Military presence in space is an expensive endeavor, usually reserved for wealthy nations. Countries lacking in resources, however, might employ cheaper tools as means for sabotage. That’s why cyber-attacks can become a crucial weapon in the arsenal of resource-deprived threat actors.
Cyber-resilience of space assets is no science-fiction. There are multiple ways a hacked piece of space infrastructure, such as a satellite, can cause global chaos or advance the interests of likely hostile nations.
The high stakes of space defense are illustrated by the fact that President Trump’s outgoing cabinet added cybersecurity guidance to the US’s fifth Space Policy Directive (SPD-5) in September 2020. Space operators, the number of whom are growing with every commercial satellite deployed, are instructed to take better care of cybersecurity hygiene practices.
Examples of the past show that it’s not only possible to take over a satellite, but it’s also been done before. Recent Space threat assessment 2021 report by the Center for Strategic and International Studies (CSIS) claims that several nations have advanced their cyber capabilities to an extent where it might prove beneficial to use computers instead of guns to unnerve their adversaries.
Increase in cyber activity by Iran suggests that cyberattacks on space systems could be the preferred method to compensate for an imbalance in other capabilities,
Brian Weeden, director of program planning at the Secure World Foundation (SWF), explained that from a military point of view, a cyber attack could cause the desired effect an adversary is looking for, and that’s why countries need to take the threat seriously.
“You can get a lot done with cyber and electronic warfare, and you might not need the big, shiny hardware that goes up into space and directly takes out other satellites. That’s an important thing to keep in mind,” Weeden explained, discussing the CSIS’s report.
A cyber attack against space infrastructure does not necessarily need to target objects in space. The reality of satellites is that the vast majority of them are controlled via ground stations. The easiest way to target a satellite would be to try to intercept systems that use, transmit, and control data flow.
According to the report, even though this type of cyberattacks requires a high degree of understanding of the targeted systems, the barrier to enter the game is relatively low. That means that threat actors can try to attack space infrastructure by employing state or non-state actors with advanced cyber capabilities.
The strategic value of such an attack is immense. Threat actors can harm the opponent in multiple ways by, for example, destroying GPS systems, thus throwing the enemy several decades back in terms of navigation. At the same time, intercepting satellites allows to eliminate services they provide and communications they transmit.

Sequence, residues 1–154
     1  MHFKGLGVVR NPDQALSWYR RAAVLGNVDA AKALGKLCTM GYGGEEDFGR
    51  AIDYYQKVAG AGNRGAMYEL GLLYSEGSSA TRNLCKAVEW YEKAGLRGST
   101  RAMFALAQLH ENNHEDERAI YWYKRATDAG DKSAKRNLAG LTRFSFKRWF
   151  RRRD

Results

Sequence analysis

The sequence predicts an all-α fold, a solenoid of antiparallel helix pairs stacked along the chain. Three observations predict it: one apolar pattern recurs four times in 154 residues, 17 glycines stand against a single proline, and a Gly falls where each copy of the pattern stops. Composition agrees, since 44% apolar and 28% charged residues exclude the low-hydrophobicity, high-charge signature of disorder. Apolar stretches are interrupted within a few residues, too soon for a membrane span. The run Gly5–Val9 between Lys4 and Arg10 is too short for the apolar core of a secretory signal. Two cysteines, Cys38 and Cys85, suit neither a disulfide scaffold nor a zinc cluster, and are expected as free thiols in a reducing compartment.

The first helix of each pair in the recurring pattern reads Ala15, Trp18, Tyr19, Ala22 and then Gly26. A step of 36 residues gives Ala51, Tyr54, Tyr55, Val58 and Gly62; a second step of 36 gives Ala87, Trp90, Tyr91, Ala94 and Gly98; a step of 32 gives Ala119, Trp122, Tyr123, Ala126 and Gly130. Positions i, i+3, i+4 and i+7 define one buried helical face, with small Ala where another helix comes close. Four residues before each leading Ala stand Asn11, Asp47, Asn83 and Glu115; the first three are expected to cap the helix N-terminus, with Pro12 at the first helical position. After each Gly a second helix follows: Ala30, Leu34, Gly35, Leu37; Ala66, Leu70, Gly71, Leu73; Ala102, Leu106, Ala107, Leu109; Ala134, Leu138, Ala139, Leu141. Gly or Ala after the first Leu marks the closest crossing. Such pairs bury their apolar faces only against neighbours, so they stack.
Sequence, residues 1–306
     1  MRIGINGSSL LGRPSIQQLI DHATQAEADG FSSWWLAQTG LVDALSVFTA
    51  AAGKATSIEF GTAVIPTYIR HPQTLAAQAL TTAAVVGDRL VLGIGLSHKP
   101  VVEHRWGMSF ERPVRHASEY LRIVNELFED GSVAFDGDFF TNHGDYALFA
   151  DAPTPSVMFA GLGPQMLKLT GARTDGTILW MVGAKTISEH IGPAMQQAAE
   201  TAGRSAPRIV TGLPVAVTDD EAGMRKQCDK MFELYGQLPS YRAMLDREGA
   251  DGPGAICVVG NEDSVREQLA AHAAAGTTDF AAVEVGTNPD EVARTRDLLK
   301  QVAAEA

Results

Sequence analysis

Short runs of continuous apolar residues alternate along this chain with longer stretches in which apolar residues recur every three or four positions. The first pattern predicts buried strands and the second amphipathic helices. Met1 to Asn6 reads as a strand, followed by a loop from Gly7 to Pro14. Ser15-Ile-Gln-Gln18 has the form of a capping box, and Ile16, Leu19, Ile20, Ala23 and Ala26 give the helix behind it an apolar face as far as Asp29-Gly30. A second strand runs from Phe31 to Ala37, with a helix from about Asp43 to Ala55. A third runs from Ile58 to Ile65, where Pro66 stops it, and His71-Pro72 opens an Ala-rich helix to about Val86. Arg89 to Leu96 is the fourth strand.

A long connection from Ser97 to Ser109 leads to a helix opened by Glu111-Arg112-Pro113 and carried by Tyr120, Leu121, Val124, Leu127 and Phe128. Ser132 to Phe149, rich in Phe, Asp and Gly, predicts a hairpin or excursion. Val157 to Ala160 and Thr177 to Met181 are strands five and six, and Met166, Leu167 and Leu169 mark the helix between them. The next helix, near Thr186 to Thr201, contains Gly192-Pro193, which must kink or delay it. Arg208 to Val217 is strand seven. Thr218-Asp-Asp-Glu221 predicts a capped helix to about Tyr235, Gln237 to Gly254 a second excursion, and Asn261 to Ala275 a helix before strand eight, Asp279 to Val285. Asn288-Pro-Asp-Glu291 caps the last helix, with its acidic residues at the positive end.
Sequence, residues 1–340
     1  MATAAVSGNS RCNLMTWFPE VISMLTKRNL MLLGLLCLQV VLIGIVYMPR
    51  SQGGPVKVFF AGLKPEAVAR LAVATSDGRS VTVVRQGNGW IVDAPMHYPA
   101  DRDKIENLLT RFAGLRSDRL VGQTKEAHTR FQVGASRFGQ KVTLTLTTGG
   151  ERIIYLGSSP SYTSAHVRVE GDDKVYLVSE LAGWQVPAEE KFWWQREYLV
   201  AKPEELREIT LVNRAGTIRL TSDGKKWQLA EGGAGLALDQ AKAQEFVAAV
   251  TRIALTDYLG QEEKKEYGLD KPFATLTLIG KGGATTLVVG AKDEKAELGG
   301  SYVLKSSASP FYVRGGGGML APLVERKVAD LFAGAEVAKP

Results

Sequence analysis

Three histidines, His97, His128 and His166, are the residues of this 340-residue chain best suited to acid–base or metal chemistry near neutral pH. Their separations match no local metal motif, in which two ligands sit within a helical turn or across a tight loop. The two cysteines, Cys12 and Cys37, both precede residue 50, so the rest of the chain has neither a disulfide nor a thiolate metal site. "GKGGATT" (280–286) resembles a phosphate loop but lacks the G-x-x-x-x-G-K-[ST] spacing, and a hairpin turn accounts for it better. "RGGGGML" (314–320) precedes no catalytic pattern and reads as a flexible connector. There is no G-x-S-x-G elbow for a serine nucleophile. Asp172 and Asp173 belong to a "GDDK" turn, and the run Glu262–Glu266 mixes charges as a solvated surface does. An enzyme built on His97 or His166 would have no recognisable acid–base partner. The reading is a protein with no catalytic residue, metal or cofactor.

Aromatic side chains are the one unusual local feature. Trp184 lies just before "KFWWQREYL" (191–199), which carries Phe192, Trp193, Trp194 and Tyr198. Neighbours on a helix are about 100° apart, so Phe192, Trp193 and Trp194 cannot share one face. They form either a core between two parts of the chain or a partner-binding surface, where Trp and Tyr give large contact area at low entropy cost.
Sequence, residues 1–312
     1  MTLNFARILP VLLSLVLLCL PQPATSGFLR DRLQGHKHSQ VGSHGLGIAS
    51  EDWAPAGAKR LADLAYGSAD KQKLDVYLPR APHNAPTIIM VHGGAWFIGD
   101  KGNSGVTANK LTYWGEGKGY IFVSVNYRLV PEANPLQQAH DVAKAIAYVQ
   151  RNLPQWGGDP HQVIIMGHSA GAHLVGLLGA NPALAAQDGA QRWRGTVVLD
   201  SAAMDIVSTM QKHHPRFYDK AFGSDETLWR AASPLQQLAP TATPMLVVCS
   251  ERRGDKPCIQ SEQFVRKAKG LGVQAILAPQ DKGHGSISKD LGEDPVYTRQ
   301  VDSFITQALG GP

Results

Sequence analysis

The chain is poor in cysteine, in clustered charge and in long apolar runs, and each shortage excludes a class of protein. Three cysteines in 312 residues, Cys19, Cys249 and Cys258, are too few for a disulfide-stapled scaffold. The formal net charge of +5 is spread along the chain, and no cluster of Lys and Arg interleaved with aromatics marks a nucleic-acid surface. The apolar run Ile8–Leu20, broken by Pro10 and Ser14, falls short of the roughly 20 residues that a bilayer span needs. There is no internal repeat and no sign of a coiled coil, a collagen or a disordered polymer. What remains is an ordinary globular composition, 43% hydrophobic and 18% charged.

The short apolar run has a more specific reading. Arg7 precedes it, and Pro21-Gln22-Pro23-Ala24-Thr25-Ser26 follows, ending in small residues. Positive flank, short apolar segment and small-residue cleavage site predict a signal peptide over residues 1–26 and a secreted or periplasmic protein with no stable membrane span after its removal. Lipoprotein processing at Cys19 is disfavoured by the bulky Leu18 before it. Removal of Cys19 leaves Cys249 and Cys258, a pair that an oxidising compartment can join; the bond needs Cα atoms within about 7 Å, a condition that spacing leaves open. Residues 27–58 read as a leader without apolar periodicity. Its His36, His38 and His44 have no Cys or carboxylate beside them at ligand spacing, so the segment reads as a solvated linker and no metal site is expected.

And all those benefits come with a bonus – secrecy. Cyberattacks are hard to pinpoint, especially ones that are carried out by professionals. State actors could allocate sufficient resources to conceal their identities, for example, using jacked servers to launch an attack.
North Korea and Iran
Key adversaries discussed in the report that are prime suspects for compensating what they lack in space capabilities with cyberattacks are Iran and North Korea. Joe Moye, US Marine Corps military fellow at the CSIS, said that Iran already proved a high degree of sophistication when using cyber as an attack tool.
“Increase in cyber activity by Iran suggests that cyberattacks on space systems could be the preferred method to compensate for an imbalance in other capabilities,” Moye claimed during a CSIS webinar on the matter.
Even though there is no open-source information about Iran’s hacking activities aimed at space infrastructure so far, the country seems to be interested in expanding its capabilities, as its recent information security agreement with Russia indicates.
According to Moye, even though Iran might lack the capabilities to interfere with satellites in space directly, agreements with China and Russia allow Teheran to benefit from technical expertise and training that countries with such capabilities can readily provide.
Meanwhile, North Korea is considered more dangerous of the two as the country proved on numerous occasions that it is willing to employ cyber to advance its military goals and profit financially, which does not allow to exclude leniency to ransomware attacks aimed towards space infrastructure.
“As North Korean hackers acquire more advanced cyber-technology, likely through illicit means, gain experience, and expertise, threats to US-based systems and ground stations will become more credible,” Moye explained.
Indications that North Korea and Iran are pursuing advancements in cyber capabilities, coupled with increased sophistication in non-space cyberattacks, might point to a higher countries’ willingness to experiment with attacking space systems.
“When you’re looking at trying to figure out what you can get the best bang for your buck for the North Koreans, it’s in their cyber and electronic domains,” Moye said.